Paperback: 304 Pages
Publisher: Blink (April 2, 2019)
It’s been a year since fifteen-year-old Mia Hopkins was in the car crash that killed her older sister and left her terribly scarred. The doctors tell her she was lucky to survive. Her therapist says it will take time to heal. The police reports claim there were trace amounts of alcohol in her bloodstream. But no matter how much she tries to reconstruct the events of that fateful night, Mia’s memory is spotty at best. She’s left with accusations, rumors, and guilt so powerful it could consume her.
As the rest of Mia’s family struggles with their own grief, Mia is sent to New York City to spend the summer with a grandmother she’s never met. All Mia wants to do is hide from the world, but instead she’s stuck with a summer job in the bustling kitchens of the café down the street. There she meets Fig—blue-haired, friendly, and vivacious—who takes Mia under her wing. As Mia gets to know Fig and her friends—including Cooper, the artistic boy who is always on Mia’s mind—she realizes that she’s not the only one with a painful past.
Over the summer, Mia begins to learn that redemption isn’t as impossible as she once thought, but her scars inside run deep and aren’t nearly so simple to heal … especially when Mia finally pieces together her memories of the night Rachel died.
From acclaimed author Heather Hepler comes We Were Beautiful, a poignant young adult novel about tragedy, forgiveness, and love. Perfect for fans of Robyn Schneider and Justina Chen.
About Heather Hepler
Heather Hepler is the author of several books for teens and tweens, including Frosted Kisses, Love? Maybe, and The Cupcake Queen. Having lived in East Texas, Alaska, and Death Valley, she currently resides with her son, their two spoiled cats, and their ridiculously smart dog in Maine.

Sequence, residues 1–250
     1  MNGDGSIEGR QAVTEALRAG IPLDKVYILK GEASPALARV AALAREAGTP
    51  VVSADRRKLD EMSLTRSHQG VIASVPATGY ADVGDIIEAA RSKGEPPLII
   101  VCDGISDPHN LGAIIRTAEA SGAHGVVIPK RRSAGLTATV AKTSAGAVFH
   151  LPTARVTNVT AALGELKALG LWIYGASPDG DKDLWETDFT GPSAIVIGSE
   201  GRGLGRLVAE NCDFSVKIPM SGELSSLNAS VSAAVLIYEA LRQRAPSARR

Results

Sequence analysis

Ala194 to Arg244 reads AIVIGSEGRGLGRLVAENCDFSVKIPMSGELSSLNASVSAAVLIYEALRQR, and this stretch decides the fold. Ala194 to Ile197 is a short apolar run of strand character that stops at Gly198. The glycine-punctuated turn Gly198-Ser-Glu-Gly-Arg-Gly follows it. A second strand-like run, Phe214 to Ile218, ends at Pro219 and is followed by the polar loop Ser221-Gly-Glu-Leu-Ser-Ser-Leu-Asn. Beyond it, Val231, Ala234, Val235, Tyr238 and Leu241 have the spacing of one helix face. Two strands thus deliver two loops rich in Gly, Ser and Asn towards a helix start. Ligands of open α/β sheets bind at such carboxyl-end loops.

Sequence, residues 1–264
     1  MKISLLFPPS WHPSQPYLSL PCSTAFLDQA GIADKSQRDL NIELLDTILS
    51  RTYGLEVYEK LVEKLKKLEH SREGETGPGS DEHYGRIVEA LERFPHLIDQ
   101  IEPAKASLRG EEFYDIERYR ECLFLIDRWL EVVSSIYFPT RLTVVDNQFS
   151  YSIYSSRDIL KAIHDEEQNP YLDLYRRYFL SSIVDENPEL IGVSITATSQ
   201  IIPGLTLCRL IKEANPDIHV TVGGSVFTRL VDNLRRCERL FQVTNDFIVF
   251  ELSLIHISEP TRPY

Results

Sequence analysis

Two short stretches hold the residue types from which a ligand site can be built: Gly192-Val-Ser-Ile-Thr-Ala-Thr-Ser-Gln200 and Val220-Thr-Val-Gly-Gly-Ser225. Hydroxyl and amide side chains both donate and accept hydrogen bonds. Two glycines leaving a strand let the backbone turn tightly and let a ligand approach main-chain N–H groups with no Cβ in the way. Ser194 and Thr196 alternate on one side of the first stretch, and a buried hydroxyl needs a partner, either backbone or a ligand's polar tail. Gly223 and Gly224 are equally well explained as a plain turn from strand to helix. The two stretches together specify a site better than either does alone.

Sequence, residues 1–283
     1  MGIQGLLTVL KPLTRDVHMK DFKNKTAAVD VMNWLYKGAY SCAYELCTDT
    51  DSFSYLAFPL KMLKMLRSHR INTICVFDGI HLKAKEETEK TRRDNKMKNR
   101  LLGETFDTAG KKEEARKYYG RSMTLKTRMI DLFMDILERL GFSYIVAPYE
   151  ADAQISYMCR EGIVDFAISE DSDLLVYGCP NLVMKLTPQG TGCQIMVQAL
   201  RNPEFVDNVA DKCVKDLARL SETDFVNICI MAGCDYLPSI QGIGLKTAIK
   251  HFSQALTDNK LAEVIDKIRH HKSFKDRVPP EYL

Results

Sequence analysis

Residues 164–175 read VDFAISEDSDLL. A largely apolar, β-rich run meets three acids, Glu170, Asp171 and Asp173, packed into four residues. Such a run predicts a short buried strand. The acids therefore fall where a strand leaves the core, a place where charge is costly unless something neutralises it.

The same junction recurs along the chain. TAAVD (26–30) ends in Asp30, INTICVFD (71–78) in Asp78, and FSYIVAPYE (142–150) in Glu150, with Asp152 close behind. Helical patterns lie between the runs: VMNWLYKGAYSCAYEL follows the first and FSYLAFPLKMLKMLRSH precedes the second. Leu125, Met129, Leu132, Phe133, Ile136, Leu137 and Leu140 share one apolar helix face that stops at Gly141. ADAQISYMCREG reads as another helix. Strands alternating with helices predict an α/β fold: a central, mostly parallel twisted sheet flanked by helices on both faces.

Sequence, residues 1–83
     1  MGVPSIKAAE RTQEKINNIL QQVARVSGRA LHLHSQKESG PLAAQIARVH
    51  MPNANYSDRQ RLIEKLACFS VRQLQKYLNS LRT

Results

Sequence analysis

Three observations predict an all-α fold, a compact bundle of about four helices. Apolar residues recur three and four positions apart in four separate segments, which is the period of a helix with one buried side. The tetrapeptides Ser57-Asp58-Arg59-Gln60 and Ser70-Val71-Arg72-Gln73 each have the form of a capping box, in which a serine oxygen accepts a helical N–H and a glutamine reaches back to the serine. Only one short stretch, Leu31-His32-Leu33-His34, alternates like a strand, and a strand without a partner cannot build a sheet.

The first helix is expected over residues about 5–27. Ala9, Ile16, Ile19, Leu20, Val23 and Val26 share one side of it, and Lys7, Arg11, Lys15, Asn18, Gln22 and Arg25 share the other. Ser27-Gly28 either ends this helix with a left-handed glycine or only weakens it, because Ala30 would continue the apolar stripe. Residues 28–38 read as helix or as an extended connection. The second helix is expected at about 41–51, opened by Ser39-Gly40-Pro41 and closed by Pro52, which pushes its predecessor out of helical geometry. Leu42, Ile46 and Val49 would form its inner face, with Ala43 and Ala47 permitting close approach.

Connect with HeatherMy Thoughts:
This was such a beautiful story.
It kicks off with a tragic accident that takes Mia's sister, and leaves her with quite serious injuries, scars on the surface but deeply ingrained scars on the inside too. Mia has a lot to deal with, her bodily scars are a constant reminder of the horrible day, but those are easier to heal than the hurt and grief she pushes through on a daily basis.
Mia is 15, a teenager and we know that at that age everything seems so much harder to go through, so when given the opportunity to go to New York to spend the summer with her grandmother, Mia takes it. She is struggling to deal with her new life, one without her older sister, one where she fights with her internal struggle of survivor's guilt, and she is also now having to adapt to a new place with a grandmother she doesn't really know.
Mia's grandmother finds her a job and before long she is making friends with Fig, a quirky, bright colored hair girl that brings joy and laughs to not only Mia's life but to us as readers. I quite enjoyed getting to know this character, as well as her strange but quirky group of friends.
What Mia learns through this summer is that grief is different for everyone, and that every single person you come across, has a past they've had to deal with, struggles they've had to overcome and are just trying to do the best they can.
Book definitely gets a big thumbs up from me.